The Hip-Hop genre emerged as a lifestyle and an essential part of black and brown culture as a movement of self-expression and self-identity. Today, we know Hip-Hop as that multi-billion dollar industry that has bled other subgenres into other music styles. Hip-Hop is everywhere, even in the most acclaimed pop musical anthem chopping the charts.
However, to highlight how influential Hip-Hop music has become today, it is important to revisit its history.
It all began in the dilapidated streets of The Bronx, New York.
It was the early 1970s in the Bronx, a time of political, social, and economic uncertainty. Rising crime, gang violence, and increasing poverty were plaguing the streets, causing the white middle class to move to the suburbs and further segregate black and brown communities. The American Civil Rights movement was also at its peak, with black leaders like Malcolm X and Martin Luther King Jr. leading Calgary against segregation and racial division.
In response, the youth turned to the streets for self-expression and entertainment. Block parties were prevalent and laid the groundwork for the early steps of the Hip-Hop genre.
The rise of Hip-Hop started with members of a community congregating in mutual solidarity around sound systems influenced by Jamaican music and Reggae.
This new style of entertainment was fueled by anger and discontent with the socio-political structure that created racial barriers and class division but also provided a conduit to deal with the rising violence tormenting the city.
THE MAIN PILLARS OF HIP-HOP
The musical genre started with four mainstays:
- Djing and Turntabling
- B-boying or breaking
- Graffiti or visual art.
These four elements began a culture in marginalized communities and brought excitement in an otherwise troubling time for people of color. However, these pillars were introduced by pioneers of the Hip-Hop genre and constitute how modern Hip-Hop songs are developed.
The first people to dip their toes in the creation of Hip-Hop music are known today as the “Holy Trinity of Hip-Hop”. These three men created, innovated, expanded, and introduced their community to their forms of expression, thus launching a global movement that is still alive today.
DJ Kool Herc, considered the father of Hip-Hop music. Afrika Bambaata, who formed Universal Zulu Nation and introduced the TR-808 machine, and Grandmaster Flash, who founded Grandmaster Flash and the Furious Five, the first Hip-Hop group to make it to the Rock and Roll Hall of Fame.
THE GOLDEN AGE OF HIP-HOP
It wasn’t until 1986 that Hip-Hop started making its way into the mainstream. The golden age of Hip-Hop lasted eleven years, and it was a time of critical innovation and complexity. Rolling Stones deemed the golden age of Hip-Hop as a time when every new single “reinvented” the genre and propelled Hip-Hop fashion and street slang into everyone’s daily lives.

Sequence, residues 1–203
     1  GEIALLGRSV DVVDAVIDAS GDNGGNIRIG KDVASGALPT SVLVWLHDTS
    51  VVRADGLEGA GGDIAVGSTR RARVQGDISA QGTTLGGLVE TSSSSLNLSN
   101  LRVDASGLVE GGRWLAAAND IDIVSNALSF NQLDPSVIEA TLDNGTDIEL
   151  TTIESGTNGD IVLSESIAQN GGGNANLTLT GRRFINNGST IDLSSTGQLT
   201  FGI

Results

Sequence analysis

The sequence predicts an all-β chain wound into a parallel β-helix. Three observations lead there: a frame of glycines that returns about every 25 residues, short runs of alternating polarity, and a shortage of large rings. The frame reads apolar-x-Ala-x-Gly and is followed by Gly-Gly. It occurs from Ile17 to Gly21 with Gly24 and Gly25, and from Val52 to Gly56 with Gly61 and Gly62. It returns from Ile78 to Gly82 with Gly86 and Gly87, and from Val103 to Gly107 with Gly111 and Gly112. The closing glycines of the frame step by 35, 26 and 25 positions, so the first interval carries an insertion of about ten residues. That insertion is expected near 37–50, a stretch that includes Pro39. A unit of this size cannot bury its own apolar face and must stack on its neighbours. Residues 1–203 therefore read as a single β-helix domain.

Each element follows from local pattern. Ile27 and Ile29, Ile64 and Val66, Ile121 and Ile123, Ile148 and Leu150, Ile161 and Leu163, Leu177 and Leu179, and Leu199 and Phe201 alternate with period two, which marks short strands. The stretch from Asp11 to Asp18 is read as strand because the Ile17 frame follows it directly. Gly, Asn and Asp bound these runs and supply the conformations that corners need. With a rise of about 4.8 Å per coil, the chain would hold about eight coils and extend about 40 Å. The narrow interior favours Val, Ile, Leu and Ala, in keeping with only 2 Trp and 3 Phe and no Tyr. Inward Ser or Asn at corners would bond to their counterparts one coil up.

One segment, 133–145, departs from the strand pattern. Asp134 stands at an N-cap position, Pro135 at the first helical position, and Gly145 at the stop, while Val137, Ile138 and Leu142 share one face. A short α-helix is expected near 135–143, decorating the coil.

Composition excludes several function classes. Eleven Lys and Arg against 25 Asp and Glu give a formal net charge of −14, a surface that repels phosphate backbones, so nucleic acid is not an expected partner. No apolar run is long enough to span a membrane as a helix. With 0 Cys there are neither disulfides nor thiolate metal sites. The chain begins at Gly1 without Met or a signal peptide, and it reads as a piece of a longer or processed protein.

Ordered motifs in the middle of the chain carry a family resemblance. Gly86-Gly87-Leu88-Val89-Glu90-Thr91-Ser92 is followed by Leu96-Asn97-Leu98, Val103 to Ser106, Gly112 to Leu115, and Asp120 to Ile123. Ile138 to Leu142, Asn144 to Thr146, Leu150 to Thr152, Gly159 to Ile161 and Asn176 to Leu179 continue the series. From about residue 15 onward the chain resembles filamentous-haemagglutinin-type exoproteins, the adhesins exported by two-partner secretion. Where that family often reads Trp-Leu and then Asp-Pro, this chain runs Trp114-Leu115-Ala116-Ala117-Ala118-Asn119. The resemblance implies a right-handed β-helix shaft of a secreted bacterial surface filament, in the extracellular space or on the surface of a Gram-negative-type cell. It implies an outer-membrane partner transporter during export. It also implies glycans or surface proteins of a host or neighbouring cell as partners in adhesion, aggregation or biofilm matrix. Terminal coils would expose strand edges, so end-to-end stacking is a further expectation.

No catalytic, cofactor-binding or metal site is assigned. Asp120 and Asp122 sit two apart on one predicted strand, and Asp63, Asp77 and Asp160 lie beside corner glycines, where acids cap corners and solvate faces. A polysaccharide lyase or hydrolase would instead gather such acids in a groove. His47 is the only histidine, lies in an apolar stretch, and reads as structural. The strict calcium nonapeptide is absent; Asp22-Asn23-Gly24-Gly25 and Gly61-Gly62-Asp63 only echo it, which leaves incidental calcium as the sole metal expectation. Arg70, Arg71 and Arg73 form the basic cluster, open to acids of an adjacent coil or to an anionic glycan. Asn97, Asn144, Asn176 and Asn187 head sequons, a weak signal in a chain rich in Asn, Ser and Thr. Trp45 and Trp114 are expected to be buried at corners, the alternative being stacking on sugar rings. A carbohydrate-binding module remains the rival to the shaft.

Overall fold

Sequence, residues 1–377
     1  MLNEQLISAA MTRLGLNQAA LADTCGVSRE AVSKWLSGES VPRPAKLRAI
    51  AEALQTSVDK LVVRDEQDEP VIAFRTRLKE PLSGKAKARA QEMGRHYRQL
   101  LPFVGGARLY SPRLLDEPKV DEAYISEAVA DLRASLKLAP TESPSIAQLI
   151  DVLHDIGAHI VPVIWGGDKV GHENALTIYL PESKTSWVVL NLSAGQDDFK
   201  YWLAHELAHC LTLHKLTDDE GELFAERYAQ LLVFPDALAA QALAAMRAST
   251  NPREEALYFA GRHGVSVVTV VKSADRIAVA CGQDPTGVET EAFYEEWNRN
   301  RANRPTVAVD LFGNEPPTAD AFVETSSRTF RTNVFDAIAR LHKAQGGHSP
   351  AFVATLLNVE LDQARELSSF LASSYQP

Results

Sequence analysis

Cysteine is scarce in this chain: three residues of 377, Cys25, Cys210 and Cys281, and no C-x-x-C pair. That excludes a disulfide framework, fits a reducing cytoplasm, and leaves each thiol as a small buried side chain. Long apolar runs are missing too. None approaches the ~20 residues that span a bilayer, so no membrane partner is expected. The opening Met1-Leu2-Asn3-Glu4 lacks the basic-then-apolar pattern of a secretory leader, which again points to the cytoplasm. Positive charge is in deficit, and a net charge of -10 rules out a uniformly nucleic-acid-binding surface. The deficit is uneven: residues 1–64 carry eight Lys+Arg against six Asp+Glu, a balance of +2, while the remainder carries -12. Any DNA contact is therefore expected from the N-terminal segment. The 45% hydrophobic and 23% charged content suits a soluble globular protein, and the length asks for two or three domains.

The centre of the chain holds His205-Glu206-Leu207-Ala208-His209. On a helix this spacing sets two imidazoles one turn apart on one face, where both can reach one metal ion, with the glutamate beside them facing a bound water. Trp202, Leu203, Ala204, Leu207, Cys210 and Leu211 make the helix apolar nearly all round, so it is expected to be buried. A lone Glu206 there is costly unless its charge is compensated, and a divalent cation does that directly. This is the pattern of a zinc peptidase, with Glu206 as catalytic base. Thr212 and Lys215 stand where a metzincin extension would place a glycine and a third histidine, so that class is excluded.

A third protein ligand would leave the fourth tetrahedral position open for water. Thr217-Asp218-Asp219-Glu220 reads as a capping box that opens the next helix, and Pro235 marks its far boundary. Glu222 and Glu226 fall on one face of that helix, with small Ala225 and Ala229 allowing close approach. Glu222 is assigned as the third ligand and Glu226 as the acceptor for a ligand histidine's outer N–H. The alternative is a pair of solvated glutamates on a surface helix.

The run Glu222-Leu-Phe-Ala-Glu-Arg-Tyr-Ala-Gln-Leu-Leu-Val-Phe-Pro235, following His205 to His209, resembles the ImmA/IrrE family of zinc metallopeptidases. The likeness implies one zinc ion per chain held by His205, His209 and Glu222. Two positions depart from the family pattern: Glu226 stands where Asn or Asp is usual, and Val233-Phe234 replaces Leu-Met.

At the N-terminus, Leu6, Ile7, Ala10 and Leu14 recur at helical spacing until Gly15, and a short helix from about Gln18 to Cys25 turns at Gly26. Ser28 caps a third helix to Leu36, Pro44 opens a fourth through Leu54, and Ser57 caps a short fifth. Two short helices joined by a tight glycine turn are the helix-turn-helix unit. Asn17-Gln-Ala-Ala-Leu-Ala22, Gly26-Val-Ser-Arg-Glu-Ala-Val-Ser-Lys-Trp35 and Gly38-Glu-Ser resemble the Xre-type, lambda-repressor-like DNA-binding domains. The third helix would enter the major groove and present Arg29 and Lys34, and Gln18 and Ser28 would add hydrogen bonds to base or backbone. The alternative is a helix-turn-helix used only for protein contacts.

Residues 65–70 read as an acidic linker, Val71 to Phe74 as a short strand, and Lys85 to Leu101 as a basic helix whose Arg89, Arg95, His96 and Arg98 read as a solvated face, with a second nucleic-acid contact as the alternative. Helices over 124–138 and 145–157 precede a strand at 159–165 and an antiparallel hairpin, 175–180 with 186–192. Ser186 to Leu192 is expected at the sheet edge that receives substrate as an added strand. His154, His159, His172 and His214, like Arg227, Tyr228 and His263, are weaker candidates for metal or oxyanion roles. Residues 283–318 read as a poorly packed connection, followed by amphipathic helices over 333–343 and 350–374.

It was also a time when sampling laws were nonexistent and Hip-Hop artists took the liberty of sampling from jazz, rock, soul, and even movies, like the Wu-Tang Clan sampling from Kung Fu Films.
Some crucial influences of that time were: Run-DMC, The Beastie Boys, Tupac, The Notorious B.I.G, LL Cool J, and Public Enemy.
THE DEATH OF THE GREATS
The Bling Era emerged after the deaths of Hip-Hop legends Notorious B.I.G. and Tupac. Bad Boy Records, propelled by Puff Daddy, was founded, and it was a notable time when Hip-Hop introduced R&B hooks into their music and found its way into mainstream Pop music, like Destiny’s Child and Ashanti.
It was also the era when Eminem released The Slim Shady LP and wowed the industry with its huge sales and popularity. Some notable characters from the Bling Era are Jay Z, Puff Daddy, Nelly, Ja Rule, 50 Cent, Snoop Dogg, and Birdman.
THE INTERNET ERA
After 2007, when internet usage became much more prominent, Hip-Hop music sales plummeted a shocking 44%, and no rap albums were among the top ten seller lists.
It was a difficult time that forced reinvention and innovation again, and the introduction of Auto-Tune and electronic music influenced the genre. However, Hip-Hop music was not dead. The Black Eyed Peas, Rick Ross, Kanye West, Kid Cudi, Drake, B.o.B, T-Pain, Lil Wayne, and Lupe Fiasco took center stage with their crowd-pleasing songs and musical genius
Currently, Hip-Hop music is still heavily influenced by internet culture; however, present-day Hip-Hop is notable for the rise of trap music and SoundCloud rappers. Pop stars like Katy Perry and Beyonce have experimented with the Trap subgenre. New, talented artists started emerging in the movement, like Lil Nas X, XXXTentacion, Kodak Black, and Young Thug.
It is also a time when female Hip-Hop artists, like Megan Thee Stallion, Nicki Minaj, Cardi B, Doja Cat, and Iggy Azalea, are some of the most influential people in the industry.
As of 2017, Hip-Hop is now the most popular music genre in the world, surpassing rock and pop music.
It’s safe to say that Hip-Hop music has evolved and reinvented itself. From its start at block parties and basements to stadiums and concert venues, Hip-Hop is a lucrative music business that once drew influences from other types of music but now outsells in the charts.
What started as a self-expression and political discontent movement has evolved into a musical powerhouse and cultural phenomenon. Hip-Hop history made its way from the streets of the Bronx to the entire world.